A simple hand-held weaving machine is set to make a positive difference to donkeys and their owners in Kenya.
Most of the time, The Donkey Sanctuary’s team in Kenya helps donkeys and their owners through direct interventions such as veterinary treatments, harness training, and advice on feeding and stabling.
But sometimes, something less obvious can also make a difference to donkey welfare.
During a field trip with the sanctuary team in Kenya, the charity’s international harness sonsultant Chris Garrett met a group of women donkey owners who make sisal ropes to sell at market.
The women live in Makueni, about 150km from the charity’s Kenya base near Nairobi.
They had a machine for extracting the sisal fibres, but were having to weave them into ropes by hand, which took a long time.
Garrett had an idea for helping them. He had seen simple, manually operated rope-weaving machines in France, and while working in the Gambia he had copied and adapted the design, using pieces of wood and spokes from bicycle wheels.
These materials are available everywhere and Garrett was able to put together a similar machine, which was given to the women next time the Kenya team visited their community.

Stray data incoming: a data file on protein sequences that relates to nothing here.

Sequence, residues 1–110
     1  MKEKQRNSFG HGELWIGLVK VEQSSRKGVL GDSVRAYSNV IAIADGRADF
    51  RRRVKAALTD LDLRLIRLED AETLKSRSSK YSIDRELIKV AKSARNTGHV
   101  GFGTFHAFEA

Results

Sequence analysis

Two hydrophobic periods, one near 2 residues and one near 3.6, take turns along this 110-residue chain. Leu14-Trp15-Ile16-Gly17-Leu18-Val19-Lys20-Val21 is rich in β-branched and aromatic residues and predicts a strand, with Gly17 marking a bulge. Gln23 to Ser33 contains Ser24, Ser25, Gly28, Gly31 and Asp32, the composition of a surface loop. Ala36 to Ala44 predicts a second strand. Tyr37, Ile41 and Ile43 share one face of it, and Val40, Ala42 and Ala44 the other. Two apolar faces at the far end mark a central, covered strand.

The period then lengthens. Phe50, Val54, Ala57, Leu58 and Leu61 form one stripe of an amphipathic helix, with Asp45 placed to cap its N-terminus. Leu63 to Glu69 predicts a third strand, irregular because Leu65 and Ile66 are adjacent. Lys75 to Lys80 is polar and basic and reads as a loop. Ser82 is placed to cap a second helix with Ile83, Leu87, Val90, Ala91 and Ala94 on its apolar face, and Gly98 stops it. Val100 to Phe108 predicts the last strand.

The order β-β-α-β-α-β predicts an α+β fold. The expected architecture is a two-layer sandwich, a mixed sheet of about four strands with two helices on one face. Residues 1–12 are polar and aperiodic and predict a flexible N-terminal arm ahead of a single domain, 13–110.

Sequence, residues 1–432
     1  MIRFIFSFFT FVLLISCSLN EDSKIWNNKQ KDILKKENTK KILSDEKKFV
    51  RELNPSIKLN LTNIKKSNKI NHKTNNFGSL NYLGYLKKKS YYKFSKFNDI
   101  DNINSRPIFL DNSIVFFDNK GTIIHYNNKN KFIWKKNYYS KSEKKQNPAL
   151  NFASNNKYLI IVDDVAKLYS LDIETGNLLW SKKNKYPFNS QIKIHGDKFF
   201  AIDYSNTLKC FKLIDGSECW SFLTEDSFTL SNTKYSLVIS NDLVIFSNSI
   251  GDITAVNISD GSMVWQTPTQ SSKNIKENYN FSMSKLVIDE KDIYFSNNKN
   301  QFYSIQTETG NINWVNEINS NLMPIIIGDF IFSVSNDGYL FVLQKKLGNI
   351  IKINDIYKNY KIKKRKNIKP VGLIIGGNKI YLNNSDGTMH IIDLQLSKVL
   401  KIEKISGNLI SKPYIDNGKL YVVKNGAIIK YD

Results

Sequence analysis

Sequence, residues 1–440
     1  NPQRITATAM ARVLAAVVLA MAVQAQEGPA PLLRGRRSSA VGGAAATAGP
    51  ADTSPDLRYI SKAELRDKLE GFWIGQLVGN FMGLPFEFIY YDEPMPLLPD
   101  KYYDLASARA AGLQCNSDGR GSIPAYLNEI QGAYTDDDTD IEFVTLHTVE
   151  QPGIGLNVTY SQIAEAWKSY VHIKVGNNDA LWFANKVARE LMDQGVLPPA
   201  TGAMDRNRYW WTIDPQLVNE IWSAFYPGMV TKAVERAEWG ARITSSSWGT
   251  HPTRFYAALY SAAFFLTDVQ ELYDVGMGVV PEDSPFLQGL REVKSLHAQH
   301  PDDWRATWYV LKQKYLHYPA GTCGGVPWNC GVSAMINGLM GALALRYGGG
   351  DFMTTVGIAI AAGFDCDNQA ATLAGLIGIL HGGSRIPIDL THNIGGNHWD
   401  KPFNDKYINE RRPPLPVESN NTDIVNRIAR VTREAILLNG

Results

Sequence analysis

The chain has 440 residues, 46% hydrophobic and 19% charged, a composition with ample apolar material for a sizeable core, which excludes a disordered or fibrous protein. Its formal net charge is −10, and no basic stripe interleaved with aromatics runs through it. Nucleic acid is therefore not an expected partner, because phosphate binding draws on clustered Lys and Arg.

A vet reported that the women were “thrilled”, saying they would be able to weave ropes much faster and therefore make more money.
Sisal ropes, being a natural material, are excellent for use in donkey harness.
A few years ago Garrett designed a simple set of cart harness, made of ropes, and since then, he and the team have taught dozens of people in Kenya to produce it, replacing the makeshift harness they had been using before, which often caused wounds and sores.
If sisal ropes are readily available, it will be that much easier for people to make good harness for their donkeys, and repair it when it wears out.
At last report, the sisal ropes being made by the women in Makueni are being used to make halters, and also for making breeching, belly bands and breast bands for pack saddles, which the donkey owners are padding with cotton rags after being shown how to do this by the charity’s team.